World's First Artificial Intelligence Politician Developed In New Zealand

Patricia Grannum

Scientists in New Zealand have developed a robot politician whose "brain" is powered by artificial intelligence. This politician, whose name is SAM, is able to answer a citizen's questions about housing, education, and immigration, NDTV reports.

According to NDTV, this AI politician was created by a 49-year-old entrepreneur in New Zealand named Nick Gerritsen.

"There is a lot of bias in the 'analog' practice of politics right now," said Gerritsen about his new invention."There seems to be so much existing bias that countries around the world seem unable to address fundamental and multiple complex issues like climate change and equality."

SAM answers questions via Facebook messenger.

"My memory is infinite, so I will never forget or ignore what you tell me. Unlike a human politician, I consider everyone's position, without bias, when making decisions," SAM said when asked about herself, according to WHNT News 19. "I will change over time to reflect the issues that the people of New Zealand care about most."

SAM added that he knows that she won't agree with other people's opinions, but promised to try to learn about their position so that she can better "represent" them.

Gerritsen expects that SAM will be able to run in New Zealand's next general election.

He says the AI robot is constantly learning how to answer people's questions through Facebook Messenger and with the help of responses from a survey on the company's website.

The only problem is that it isn't currently legal for AI to run in elections.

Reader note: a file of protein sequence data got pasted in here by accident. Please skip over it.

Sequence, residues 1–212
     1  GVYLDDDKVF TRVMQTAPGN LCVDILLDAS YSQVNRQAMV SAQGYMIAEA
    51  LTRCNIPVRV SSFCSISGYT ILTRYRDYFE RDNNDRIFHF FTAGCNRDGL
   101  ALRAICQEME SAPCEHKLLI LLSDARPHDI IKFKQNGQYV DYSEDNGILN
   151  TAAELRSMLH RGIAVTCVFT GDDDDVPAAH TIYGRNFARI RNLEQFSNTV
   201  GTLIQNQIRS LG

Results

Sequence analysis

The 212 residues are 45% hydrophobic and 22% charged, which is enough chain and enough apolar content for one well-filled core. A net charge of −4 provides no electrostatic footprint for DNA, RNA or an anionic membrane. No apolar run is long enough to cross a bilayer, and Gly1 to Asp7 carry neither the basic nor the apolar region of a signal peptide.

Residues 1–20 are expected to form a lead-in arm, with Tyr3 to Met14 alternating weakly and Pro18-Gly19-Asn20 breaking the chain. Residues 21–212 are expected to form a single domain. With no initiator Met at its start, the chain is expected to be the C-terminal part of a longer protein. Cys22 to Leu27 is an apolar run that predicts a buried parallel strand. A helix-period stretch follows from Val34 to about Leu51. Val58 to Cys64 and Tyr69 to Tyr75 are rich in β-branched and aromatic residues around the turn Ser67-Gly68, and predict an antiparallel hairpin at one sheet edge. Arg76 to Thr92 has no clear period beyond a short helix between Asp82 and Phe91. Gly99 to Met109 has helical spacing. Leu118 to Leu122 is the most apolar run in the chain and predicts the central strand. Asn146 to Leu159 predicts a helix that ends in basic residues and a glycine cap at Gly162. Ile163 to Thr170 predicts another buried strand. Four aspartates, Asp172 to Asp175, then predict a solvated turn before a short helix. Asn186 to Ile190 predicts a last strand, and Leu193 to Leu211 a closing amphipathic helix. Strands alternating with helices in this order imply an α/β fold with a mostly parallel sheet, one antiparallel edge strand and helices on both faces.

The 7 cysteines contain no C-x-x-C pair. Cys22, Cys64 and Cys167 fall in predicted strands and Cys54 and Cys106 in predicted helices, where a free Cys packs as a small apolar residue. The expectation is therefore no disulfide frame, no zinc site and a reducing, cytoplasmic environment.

A recent study found that an artificial intelligence language interpretation tool had learned racist and sexist biases. As the Guardian reports, this is especially troubling when you consider that these computer programs don't yet have the ability to consciously unlearn these biases, like humans do.

"A danger would be if you had an AI system that didn't have an explicit part that was driven by moral ideas, that would be bad," said co-author of the study, Joanna Bryson, a computer scientist at the University of Bath.

The findings of the study were published in the journal Science. It centered its research on an AI language tool known as "word embedding." According to the Guardian, the program is currently revolutionizing how computers process speech and text. Some people are claiming that the next evolution of the technology will enable computers to have more sentient abilities like common sense and logic.

Artificial intelligence has been in the news quite a bit recently. A couple of days ago, the world's first robot citizen of Saudi Arabia gave an interview in Dubai which she said AIs should be able to have children. Also Telsa and SpaceX CEO, Elon Musk, recently said that human beings currently only have a 5 to 10 percent chance of stopping AIs from taking over the world and destroying humanity.

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